Furthermore it reads “Thus, the constitutional committee comes into play to make sure that the system can transition from its current state into fully decentralized governance in due course.” This is another extract that concerns me, the constitutional committee will exist as a transition between the centralized and decentralized governance systems. But let me ask you for an example in human history where a small group of people with special powers have given them up willingly to the masses.
Because this is the cherry on top from the bootstrapping phase chapter: “The bootstrap phase ends when a given number of epochs has elapsed, as specified in the next ledger era configuration file. This is likely to be a number of months after the hard fork.” They are basically saying that the bootstrap phase, the period where the constitutional committee has super powers to change any parameter in the blockchain, doesn’t actually have an end date. Now when did that hear that in the past? To avoid any historical baggage by associating it with real life events, here is Palpatine as a fictional example:
Liquid democracy or plutocracy?
With this article I wanted to shine a light and document my concerns regarding the current situation regarding governance in Cardano. I provided two, not so encouraging, examples of decentralized governance that have taken place so far. The first was Project Catalyst, which is currently running its tenth iteration and although it has been steadily improving, the recent SCATDAO’s analysis of the voting power shows us that reality is not what it seems at first glance. The second example was the SPO vote in which the Parameter Committee decided to ignore the popular result and implement their own opinion on the matter. Neither of them provide great assurance that the conditions are met to move forward this December with the ratification of CIP-1694 in its current state.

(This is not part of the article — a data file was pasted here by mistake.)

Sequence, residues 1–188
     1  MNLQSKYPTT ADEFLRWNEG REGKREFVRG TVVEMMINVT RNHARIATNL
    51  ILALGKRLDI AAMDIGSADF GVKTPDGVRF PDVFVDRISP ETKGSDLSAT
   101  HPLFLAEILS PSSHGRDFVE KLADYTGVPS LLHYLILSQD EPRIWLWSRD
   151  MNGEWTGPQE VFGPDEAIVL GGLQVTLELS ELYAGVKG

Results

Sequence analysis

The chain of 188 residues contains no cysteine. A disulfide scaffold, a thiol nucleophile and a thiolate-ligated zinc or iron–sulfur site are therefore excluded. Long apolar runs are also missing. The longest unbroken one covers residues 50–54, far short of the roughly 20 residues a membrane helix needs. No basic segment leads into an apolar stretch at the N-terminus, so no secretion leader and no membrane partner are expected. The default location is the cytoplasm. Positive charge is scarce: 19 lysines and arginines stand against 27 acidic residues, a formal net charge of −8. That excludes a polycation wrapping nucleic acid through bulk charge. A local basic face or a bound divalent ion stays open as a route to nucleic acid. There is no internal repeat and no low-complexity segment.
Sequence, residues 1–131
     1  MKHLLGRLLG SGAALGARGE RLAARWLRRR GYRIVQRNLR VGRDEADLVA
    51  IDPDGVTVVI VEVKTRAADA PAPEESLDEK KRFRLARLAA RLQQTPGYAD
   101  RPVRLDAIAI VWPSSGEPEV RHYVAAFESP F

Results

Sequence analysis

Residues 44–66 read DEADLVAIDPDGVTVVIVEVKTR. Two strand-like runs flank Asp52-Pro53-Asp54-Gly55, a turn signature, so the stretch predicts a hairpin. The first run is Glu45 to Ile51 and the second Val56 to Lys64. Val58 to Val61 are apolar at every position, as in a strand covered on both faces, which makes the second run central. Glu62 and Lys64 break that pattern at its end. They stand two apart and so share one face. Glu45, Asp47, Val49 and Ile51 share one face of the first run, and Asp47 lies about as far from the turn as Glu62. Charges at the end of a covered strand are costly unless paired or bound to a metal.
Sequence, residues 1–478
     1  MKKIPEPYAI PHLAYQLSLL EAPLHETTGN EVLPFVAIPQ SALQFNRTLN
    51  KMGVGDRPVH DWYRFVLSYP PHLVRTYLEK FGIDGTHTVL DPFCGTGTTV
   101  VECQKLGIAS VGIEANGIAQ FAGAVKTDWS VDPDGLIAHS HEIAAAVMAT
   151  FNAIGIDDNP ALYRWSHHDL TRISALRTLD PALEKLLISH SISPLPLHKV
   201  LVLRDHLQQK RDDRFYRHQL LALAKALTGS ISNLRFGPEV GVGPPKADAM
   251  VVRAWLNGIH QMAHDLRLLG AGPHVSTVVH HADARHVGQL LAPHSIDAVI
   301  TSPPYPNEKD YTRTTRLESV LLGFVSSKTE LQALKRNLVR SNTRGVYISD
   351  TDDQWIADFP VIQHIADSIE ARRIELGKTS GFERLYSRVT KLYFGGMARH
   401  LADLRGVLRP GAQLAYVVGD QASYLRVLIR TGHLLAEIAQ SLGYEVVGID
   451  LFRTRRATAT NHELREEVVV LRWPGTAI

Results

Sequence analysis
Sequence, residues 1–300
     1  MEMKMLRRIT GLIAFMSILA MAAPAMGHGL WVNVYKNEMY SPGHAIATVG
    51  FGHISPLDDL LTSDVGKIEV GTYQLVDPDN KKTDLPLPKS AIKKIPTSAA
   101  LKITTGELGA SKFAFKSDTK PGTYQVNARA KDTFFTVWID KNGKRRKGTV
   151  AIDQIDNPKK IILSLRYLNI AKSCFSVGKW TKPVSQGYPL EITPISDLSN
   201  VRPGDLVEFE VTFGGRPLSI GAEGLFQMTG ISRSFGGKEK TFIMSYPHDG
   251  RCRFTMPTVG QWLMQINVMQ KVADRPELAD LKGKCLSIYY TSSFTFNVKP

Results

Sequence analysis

That’s why I wrote this opinion article, to raise my concern that we are moving too quickly and we are still not prepared as a decentralized community to move into the framework proposed by CIP-1694. Are we laying the correct foundations for the success of Cardano in the next five, ten or twenty years? I believe that we are not, just like the technical side took five years, governance will probably take the same or more time. We all know what happens when code is rushed, but I don’t think enough people realize what happens when a political framework is rushed. The ramifications can be far more exceeding and difficult to solve. We should also be honest with ourselves and realize that Cardano is currently a plutocracy, some people may be okay with it, but I think the majority of its users deserve the chance to a decentralized liquid democracy as it was promised.